Among traditional techniques used in food preservation, drying is the most effective and practically applicable way of preserving foods to minimize postharvest losses . It can be carried out by different methods, such as hot air drying, sun drying, vacuum drying, freeze-drying, and solar drying. Since the cost of energy is the largest cost factor in mechanical drying, scaling up renewable energy in drying should be promoted in support of countries’ transition towards low carbon development .
There are several types of solar dryers designed all over the world. A twin layer solar tunnel dryer, which was designed and developed by the University of Hohenheim, Germany, has a capacity of drying more than two times the Hohenheim solar tunnel dryer with equal collector area. From our previous drying experiment in Jimma, Ethiopia, compared to sun drying, the dryer showed a good performance in terms of quality retention and drying time [7, 8]. Tomato drying using environmentally friendly technologies like twin layer solar tunnel drying can be easily adapted in Ethiopia to reduce the losses and improve its utilization in food formulations. However, in tomato drying, degradation in final quality may occur based on the drying method used and predrying preparation of the product [9, 10]. Therefore, it should be done in the way that will be least damaging to the quality.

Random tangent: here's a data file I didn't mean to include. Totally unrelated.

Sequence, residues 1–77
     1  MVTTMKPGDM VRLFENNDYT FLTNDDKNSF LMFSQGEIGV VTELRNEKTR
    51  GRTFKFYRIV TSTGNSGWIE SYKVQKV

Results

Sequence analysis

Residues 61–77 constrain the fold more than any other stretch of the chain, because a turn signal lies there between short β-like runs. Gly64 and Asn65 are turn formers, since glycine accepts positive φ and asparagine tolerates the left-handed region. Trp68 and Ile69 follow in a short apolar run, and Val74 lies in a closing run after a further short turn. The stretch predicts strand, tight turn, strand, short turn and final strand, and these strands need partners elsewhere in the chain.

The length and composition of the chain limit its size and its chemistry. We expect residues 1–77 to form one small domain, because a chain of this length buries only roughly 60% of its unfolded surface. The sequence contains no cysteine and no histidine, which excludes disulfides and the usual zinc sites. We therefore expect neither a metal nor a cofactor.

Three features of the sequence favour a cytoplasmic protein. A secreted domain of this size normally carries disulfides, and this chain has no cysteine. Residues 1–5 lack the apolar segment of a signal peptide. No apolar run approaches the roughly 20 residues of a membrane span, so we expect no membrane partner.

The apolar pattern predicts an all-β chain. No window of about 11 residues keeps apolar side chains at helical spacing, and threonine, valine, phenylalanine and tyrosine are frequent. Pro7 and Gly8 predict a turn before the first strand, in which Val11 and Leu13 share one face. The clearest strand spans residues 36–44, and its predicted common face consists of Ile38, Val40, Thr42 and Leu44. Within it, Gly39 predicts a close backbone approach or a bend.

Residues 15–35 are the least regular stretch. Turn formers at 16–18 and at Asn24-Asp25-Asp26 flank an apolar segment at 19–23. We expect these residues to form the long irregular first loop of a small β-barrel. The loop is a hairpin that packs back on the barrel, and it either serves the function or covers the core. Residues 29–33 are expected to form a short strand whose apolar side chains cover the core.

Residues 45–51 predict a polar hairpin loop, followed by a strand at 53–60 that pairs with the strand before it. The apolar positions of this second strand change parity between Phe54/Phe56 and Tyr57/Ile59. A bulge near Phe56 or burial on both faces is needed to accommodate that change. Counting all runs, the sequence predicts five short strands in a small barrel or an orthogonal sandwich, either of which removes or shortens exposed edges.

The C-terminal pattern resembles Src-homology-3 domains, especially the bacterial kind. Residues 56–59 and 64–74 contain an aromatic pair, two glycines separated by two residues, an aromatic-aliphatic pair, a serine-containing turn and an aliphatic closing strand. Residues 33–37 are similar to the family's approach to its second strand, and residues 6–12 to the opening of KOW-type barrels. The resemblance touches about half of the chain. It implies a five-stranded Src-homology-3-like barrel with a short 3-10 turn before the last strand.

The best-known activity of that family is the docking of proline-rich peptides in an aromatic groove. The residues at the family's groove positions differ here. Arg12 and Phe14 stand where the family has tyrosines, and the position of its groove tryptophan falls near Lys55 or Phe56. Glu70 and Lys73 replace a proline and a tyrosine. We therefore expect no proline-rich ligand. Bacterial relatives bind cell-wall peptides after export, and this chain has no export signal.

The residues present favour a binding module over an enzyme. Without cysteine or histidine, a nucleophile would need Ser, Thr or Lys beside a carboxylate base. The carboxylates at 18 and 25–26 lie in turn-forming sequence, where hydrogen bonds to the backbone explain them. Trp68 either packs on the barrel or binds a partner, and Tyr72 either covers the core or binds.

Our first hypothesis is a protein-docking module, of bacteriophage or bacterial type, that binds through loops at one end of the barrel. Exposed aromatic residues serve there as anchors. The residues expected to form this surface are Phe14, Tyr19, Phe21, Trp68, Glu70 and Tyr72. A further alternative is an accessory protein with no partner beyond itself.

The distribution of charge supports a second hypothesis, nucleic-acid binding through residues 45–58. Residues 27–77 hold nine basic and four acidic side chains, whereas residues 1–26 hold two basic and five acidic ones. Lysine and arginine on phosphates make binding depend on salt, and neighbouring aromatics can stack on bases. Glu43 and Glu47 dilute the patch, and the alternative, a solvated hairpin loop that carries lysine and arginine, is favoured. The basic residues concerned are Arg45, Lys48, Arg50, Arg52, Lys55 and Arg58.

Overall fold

Predrying treatment is an important operation commonly employed before drying to increase the drying rate and to maintain quality of the product,  and every crop has its own optimum conditions of pretreatment when drying . Different studies showed that pretreating tomatoes with ascorbic acid, citric acid, sodium metabisulphite, sodium chloride, and calcium chloride can improve quality maintenance of tomato during drying [1, 10, 13–15]. These studies have given a particular attention to the evaluation of different predrying treatments on the physicochemical quality of tomato in different drying methods (sun, solar cabinet, hot air dryer, and freeze-dryer).
The novelty of this work is that even though the twin layer solar tunnel dryer is reported to have good performance to be used in Ethiopia for tomato drying, predrying treatments to be used for better quality retention and shorter drying time were not studied yet. Proper drying of tomato can result in a stable product with better quality [1, 10, 13, 15] when assisted with predrying treatments. Therefore, the objective of this research was to evaluate the effects of different predrying treatments (0.5% calcium chloride (CaCl2), 0.5% ascorbic acid (C6H8O6), 0.5% citric acid (C6H8O7), and 0.5% sodium chloride (NaCl)) on physicochemical quality and drying kinetics of tomato slices under twin layer solar tunnel drying conditions.